Eating Around the Holidays

One of my personal Holiday temptations: Eggnog!

One of my personal Holiday temptations: Eggnog!

Is anyone else floored that it’s already the Holidays? (In the US “the Holidays” typically means Thanksgiving, Christmas/Hanukkah, and New Year’s Eve, but for me personally it also includes my Grandmother’s birthday, my Dad’s birthday and my Parent’s anniversary – my family really knows how to cram the celebrations together!)

What this means are many many many opportunities to be tempted - by alcohol, sugar, extreme portion sizes, lethargy, etc. And our hard wiring encourages the over consumption and lower energy level. Let’s take a minute to talk about why that is and then I’ll share a strategy that may help you approach all of these tempting situations with more confidence (both during the Holidays and year round.)

So let’s begin with why we might be extra tempted this time of year. Of course part of it is having greater access – there are parties at every turn, special foods, and special meals – which means extra temptation. But beyond that, like all animals, our bodies want more calories to prepare for the leanness that is supposed to come with winter.

The fall (yes, even though it might be snowing in some places already, it is still fall) is the time of year when animals “fatten up” – if you live in New York City, you can easily see this in the extra pudgy squirrels running around right now. For most animals, winter is a time of “leanness”, meaning that there is not access to the same caloric abundance that is available at other times of year. To deal with this, animals are hard wired to pack on the pounds in the late summer/fall to provide energy stores to get them through the winter (In some parts of the world this actually follows a wet season/dry season pattern instead of a winter/summer pattern.)

We are animals. I know it can be easy to forget, but we are in fact animals and are subject to the same hard wiring. But, we are smart animals and have created an environment where we have access to hyper caloric food year round. On first glance this seems like a good thing; no more worrying about not getting calories during the winter, woohoo! Except, this happened very rapidly and we have now disrupted the system. This happened so fast that our hard wiring hasn’t been able to adjust. So now we still have the hard wiring that tells us to go crazy and “eat all the food” to survive the winter but we no longer have the lean time that is supposed to follow and instead we continue to eat. All of this leads to over consumption and ultimately weight gain.

BUT, this is not an excuse to eat everything. It is helpful to understand all of this so that you can better understand part of the why, but again, we are smart animals and once we understand the hard wiring we can better figure out ways to deal with it.

For me, the easiest way to deal with overconsumption, is to realize that every day, multiple times a day I have a choice and 1 less than ideal choice does not have to lead to another. So maybe your day looks like this:



Midmorning coffee/snack


Afternoon coffee/snack


Post dinner drink/dessert/snack  

That is, at minimum 7 times during a day that you can chose what to put in your body. But for some reason many people seem to feel that if they make a decision that they might not think is the best, they chuck the rest of the day out the window.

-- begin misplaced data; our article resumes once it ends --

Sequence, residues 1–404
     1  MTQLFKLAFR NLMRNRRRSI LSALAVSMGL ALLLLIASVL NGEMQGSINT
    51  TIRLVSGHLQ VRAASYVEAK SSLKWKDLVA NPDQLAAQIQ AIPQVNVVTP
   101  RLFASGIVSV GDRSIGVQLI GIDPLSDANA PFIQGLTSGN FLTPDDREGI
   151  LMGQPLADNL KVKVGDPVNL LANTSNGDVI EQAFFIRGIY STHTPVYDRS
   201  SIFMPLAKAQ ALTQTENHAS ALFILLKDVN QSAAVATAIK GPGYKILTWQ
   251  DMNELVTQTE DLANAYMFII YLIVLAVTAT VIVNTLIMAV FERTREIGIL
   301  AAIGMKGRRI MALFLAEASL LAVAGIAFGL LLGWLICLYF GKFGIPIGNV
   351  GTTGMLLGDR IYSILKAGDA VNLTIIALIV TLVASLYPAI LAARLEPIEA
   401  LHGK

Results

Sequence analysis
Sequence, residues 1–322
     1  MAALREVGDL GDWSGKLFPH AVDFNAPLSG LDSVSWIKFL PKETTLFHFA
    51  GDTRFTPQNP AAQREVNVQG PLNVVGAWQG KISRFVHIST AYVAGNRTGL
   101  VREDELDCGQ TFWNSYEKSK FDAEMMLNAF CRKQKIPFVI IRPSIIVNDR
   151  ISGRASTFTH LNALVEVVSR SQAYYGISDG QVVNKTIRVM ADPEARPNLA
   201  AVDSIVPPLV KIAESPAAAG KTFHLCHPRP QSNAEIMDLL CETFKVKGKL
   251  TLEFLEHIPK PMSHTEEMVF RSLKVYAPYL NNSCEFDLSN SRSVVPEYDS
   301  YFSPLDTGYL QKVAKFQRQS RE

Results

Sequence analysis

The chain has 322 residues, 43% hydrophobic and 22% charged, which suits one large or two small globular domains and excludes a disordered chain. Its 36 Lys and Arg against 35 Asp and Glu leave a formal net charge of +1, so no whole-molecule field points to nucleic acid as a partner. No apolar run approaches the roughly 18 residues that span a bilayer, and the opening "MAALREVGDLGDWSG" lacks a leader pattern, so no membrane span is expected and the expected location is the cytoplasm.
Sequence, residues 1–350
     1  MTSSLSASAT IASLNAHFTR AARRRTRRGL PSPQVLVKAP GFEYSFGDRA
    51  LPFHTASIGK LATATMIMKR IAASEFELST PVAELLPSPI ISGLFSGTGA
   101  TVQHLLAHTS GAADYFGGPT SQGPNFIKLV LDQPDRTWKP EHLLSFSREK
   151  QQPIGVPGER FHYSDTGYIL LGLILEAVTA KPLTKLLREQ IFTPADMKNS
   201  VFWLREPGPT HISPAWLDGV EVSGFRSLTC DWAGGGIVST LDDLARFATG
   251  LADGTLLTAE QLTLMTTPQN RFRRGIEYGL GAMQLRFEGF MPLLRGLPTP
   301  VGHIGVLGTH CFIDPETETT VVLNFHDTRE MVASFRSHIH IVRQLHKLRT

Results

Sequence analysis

Have you ever had this conversation with  yourself? “Well, I woke up in a bad mood so I treated myself to a donut, so today’s already f*cked, I might as well keep eating crap.” But that’s just not true.

 Every time you can make a different decision. So you had a donut for breakfast, that does not mean you should have a whole pizza for lunch. As Dr. Kelly Starrett says, make a better decision. And what’s awesome about this is that every day, multiple times a day you have the option to make a better decision.

 No single decision has to affect any other; they can stand alone or build on each other. Yes, once you’ve made a less than ideal decision it is easier the next time to make another less than ideal decision, but that is also true of the better choice; it is easier to make a better choice once you’ve already made a better choice. But one less than ideal choice is easier to come back from than 21, or 3 days’ worth of less than ideal choices; the sooner you make a better choice after a less than ideal choice the easier it will be.

 One way I remind myself of this power of choice, is to take some time 1 day a week (for me it’s Sunday) to think about how the week before went and how I felt about my decisions; and to think about the week to come and what decisions I might want to make differently and any times that I might already know about that could be tempting. This allows me to check in with myself and recommit every week. Consistently recommitting means that I am less likely to completely fall back to poor eating patterns, so every week I start in a slightly better place than I did the week before. With each passing week I find myself making more “better decisions” than I did the week before.  

 There will be parties and treats. Enjoy them! They are not “cheats”, they are not “bad” foods, they are foods chosen for reasons other than nutrition, and that’s OK. But the following time (or three) that you have a choice to make, make it based on nutrition. Nutritional health is based on long term decisions, a single less than ideal choice will not ruin everything; but what will is letting that less than ideal decision lead to another and another and another - Make a better decision.    


How do you deal with eating around the Holidays?